People pleasing is the surest sign of selfishness.

I discovered this on my quest for freedom. “Can I be real honest with you?”… That preface should never need to be said. I may not tell you that your hair looks bad today; some things don’t need to be said, but some things don’t need to be assumed either.

I will control whether you like me or not.

I came to the realization that I had been playing a game called, “I will control whether you like me or not.” Wow, it is amazing how we can seep into a place of control and not even know it. I heard it said before that when you begin assuming what another person is thinking and start basing your words and actions from that place, you are entering into the “control zone.” What makes us go to that place? – the need to be liked, the need for acceptance, the inability to accept rejection.

What would happen if I decided that instead of doing what I think will make another happy, I made decisions based on my values?

Face the music.

Someone, somewhere, sometime will be unhappy because of what I did or said. In this case, I am left with the consequences. The consequences may be, but need not be, guilt, shame or injustice. What does remain and what I can live with is the fact that I made a decision based on what I believed to be true to my inner belief system. I have a value base that I can reflect back on, and whatever is said or felt by another person does not control my values.

For example, I value love. I value honesty. I value inner peace. I value doing things that honor what I know to be God’s ways. I value faith. I value priorities. I may decide that I don’t feel like putting on my “happy face” when I disagree with the conversation. On the other hand, I may decide that I value your input in my life, and that your perspective is worth considering.

People know when you have a real smile or not.

The bottom line is, being “happy” isn’t about anyone liking me or agreeing with me. Assumptions are a tool for the weak in identity, and the pendulum may swing to “rude” before I find balance. But, this is my freedom quest to find my real smile. And people know when you have a real smile or not.

So, when I make decisions, I have to ask myself, “what do I value?” “Does this decision submit to my values, or seek to please others or my selfish endeavours?” Love is patient, kind, gentle, long-suffering, believes all things, hopes all things and never fails. Phew, how do I value love and not seek to please others? I think the best answer I have discovered is to make sure that fear is not in the driver’s seat.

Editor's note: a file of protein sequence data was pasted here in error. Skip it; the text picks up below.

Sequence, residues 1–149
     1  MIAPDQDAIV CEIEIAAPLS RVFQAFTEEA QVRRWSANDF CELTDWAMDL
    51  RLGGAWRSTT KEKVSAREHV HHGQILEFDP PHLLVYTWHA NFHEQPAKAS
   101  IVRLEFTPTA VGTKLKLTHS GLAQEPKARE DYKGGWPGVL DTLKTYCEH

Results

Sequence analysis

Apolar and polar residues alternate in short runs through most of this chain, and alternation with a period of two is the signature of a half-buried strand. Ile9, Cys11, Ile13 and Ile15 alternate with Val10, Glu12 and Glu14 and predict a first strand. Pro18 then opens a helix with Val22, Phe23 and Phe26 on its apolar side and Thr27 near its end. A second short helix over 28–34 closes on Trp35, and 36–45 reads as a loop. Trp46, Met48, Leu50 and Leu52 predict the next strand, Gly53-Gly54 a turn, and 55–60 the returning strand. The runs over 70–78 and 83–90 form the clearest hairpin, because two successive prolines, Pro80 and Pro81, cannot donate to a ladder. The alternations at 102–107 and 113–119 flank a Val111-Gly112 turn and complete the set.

I am protecting myself from what I cannot bear…

When fear is driving me, most likely, I am being a people pleaser. Most likely I am protecting myself from what I cannot bear— rejection. Most likely I am deriving my worth from something I say or do instead of who I know I am. I may be smiling on the outside, but it is plastic.

All this rambling about a smiling mask and what philosophers have dubbed as primo, “the quest for happiness” really comes down to one thing for me: love.

Love gives us a real smile.

Love is pure. Love doesn’t seek it’s own.

I am convinced that this only comes from one able to love perfectly, which is not me or anyone else on this earth. How do I be free? How do remove my fake smile? I accept that your happiness is not my responsibility. I accept that God is in control and NOT me, and I seek a love that is able to please.

Sarah Hascher

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Sarah Hascher is a native yankee, but wears her southern charm like a necklace. She designs, creates and moves like the waves.

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